Do we all see the same blue?
This deceptively simple question has kept everyone from amateur philosophers to the intellectual titans of history awake at night since the time of Aristotle. Research in Psychological Science suggests that even if the color-detecting cone cells in your eyes are functioning perfectly, it’s possible for your native language to influence not only how you perceive certain colors, but whether or not you see can see something at all.
Previous studies suggested that having distinct categories in your native language for two colors – for example galazio for lighter blues and ble for darker blues in Greek – can allow you to distinguish between them more quickly compared with someone whose native language does not make a distinction, explained author Martin Maier of the Humboldt University of Berlin. In this case, Maier and colleague Rasha Abdel Rahman, a professor of neurocognitive psychology, went a little further, tasking native Greek, German, and Russian speakers with reporting whether shapes in two shades of blue and green appeared at all during a attentional blink task while their brain activity was recorded via electroencephalogram (EEG).
Across all three studies, participants, who received instructions in their native language, were seated in a dark, electromagnetically shielded chamber facing a screen. Over the course of 528 trials, each participant reported when, if at all, a semi-circle or triangle appeared amidst a stream of distractor shapes. During each trial, 13 shapes appeared on screen in either light blue, dark blue, light green, or dark green against a background of one of the three other colors for just 41 ms. The triangle (if present) always appeared either seven or three slides after the semi-circle. At the end of each trial, participants reported the direction that the target shapes were facing, as well as the subjective visibility of the triangle. A trial was defined as a “hit” only when the participants correctly identified the presence and direction of both the semi-circle and the triangle.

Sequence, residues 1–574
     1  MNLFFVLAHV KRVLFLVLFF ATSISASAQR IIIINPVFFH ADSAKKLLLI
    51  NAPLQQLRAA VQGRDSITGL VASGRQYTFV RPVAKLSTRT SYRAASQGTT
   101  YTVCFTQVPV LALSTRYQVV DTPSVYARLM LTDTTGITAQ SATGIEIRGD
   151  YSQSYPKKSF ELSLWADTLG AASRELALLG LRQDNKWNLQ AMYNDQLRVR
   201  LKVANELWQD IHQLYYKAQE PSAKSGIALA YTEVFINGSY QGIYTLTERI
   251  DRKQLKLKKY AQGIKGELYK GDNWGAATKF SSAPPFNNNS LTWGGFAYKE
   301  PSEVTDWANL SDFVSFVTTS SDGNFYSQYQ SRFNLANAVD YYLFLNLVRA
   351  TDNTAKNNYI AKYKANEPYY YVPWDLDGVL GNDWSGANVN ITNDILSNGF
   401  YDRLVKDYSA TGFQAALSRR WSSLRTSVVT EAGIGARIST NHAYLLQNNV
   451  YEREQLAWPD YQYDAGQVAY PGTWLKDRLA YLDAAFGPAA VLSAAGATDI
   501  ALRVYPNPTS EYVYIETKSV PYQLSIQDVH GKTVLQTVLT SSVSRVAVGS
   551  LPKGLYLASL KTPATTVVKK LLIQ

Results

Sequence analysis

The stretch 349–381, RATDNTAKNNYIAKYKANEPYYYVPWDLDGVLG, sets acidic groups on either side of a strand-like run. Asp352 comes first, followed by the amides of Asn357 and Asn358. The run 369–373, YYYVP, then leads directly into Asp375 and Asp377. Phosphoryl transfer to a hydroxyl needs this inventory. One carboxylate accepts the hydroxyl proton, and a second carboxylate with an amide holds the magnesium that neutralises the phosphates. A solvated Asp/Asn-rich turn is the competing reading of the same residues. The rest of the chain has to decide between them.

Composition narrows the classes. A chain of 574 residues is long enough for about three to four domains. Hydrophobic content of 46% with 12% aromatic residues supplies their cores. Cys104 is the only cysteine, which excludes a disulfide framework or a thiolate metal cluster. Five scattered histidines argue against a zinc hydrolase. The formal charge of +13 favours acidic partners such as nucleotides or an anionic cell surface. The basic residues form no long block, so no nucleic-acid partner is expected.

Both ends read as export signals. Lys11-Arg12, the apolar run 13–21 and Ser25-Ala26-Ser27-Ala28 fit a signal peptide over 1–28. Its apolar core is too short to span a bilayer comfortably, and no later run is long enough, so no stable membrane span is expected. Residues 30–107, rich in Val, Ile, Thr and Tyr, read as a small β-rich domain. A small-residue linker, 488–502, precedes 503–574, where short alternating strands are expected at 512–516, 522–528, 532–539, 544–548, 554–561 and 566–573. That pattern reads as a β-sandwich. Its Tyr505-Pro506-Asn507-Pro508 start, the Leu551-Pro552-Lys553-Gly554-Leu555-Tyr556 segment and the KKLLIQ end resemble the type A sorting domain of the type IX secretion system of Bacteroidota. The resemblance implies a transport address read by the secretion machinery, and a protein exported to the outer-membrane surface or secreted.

In the first study, 28 native Greek speakers were able to correctly identify the presence and direction of the target shapes at a slightly higher rate when a ble shape appeared on a galazio background, or vice versa, than when shapes appeared in contrasting shades of light and dark green, for which they did not have distinct color categories. Hit rates were highest, however, in mixed green-blue conditions, further demonstrating the relationship between color contrast and visual perception, the authors wrote.
In the second study, the researchers sought to further test these findings by using the green contrast as a control condition. In this case, the 29 native German speaking participants (who, similar to native English speakers, do not linguistically distinguish between light and dark blue) performed equally well in green and blue contrast trials, and experienced the same perceptual advantage as native Greek speakers in mixed green-blue trials.
Finally, Maier and colleagues sought to replicate the first study’s findings by recruiting 46 native Russian speaking participants, who also distinguish between light blue (goluboy) and dark blue (siniy). Similar to native Greek speakers, native Russian speaking participants demonstrated a perceptual advantage during blue contrast trials.
These results were further supported by EEG data collected during each experiment. Although the researchers found increased brain activity on the EEG during blue and mixed contrast trials compared with green trials among native Greek and Russian speakers, native German speakers only demonstrated increased activity during mixed green-blue trials. This suggests that linguistic color contrast may result in a genuine perceptual effect, the authors wrote.
“Language can make a small but decisive difference between seeing and not seeing,” Maier said. “This is a previously unknown consequence of the fact that having different categories for two colors in your native language makes the contrast between those colors stand out more.”
The EEG data, he continued, suggest that the effects of native language on access to visual consciousness are due to something that happens at an early stage in visual processing in the brain. It’s possible that this fundamental influence of language on perception could extend to other tasks and stimuli beyond color as well, Maier noted.
Questions remain, however, about how language areas of the brain may go about influencing visual perception. It’s also unclear what it is about language that drives these effects, Maier said.
“Our guess is that early bilinguals can show effects consistent with either of their native languages, and that this could depend on which language is currently ‘active,’” he said.
It may be enough simply to have two different labels for colors, Maier continued, or the words may need to have a more meaningful association based in experience.
Maier, M., & Rahman, R. A. (2018). Native language promotes access to visual consciousness. Psychological Science, 29(11), 1757-1772. doi:10.1177/0956797618782181
Winawer, J., Witthoft, N., Frank, M. C., Wu, L., Wade, A. R., & Boroditsky, L. (2007). Russian blues reveal effects of language on color discrimination. Proceedings of the National Academy of Sciences, 104(19), 7780-7785. doi:10.1073/pnas.0701644104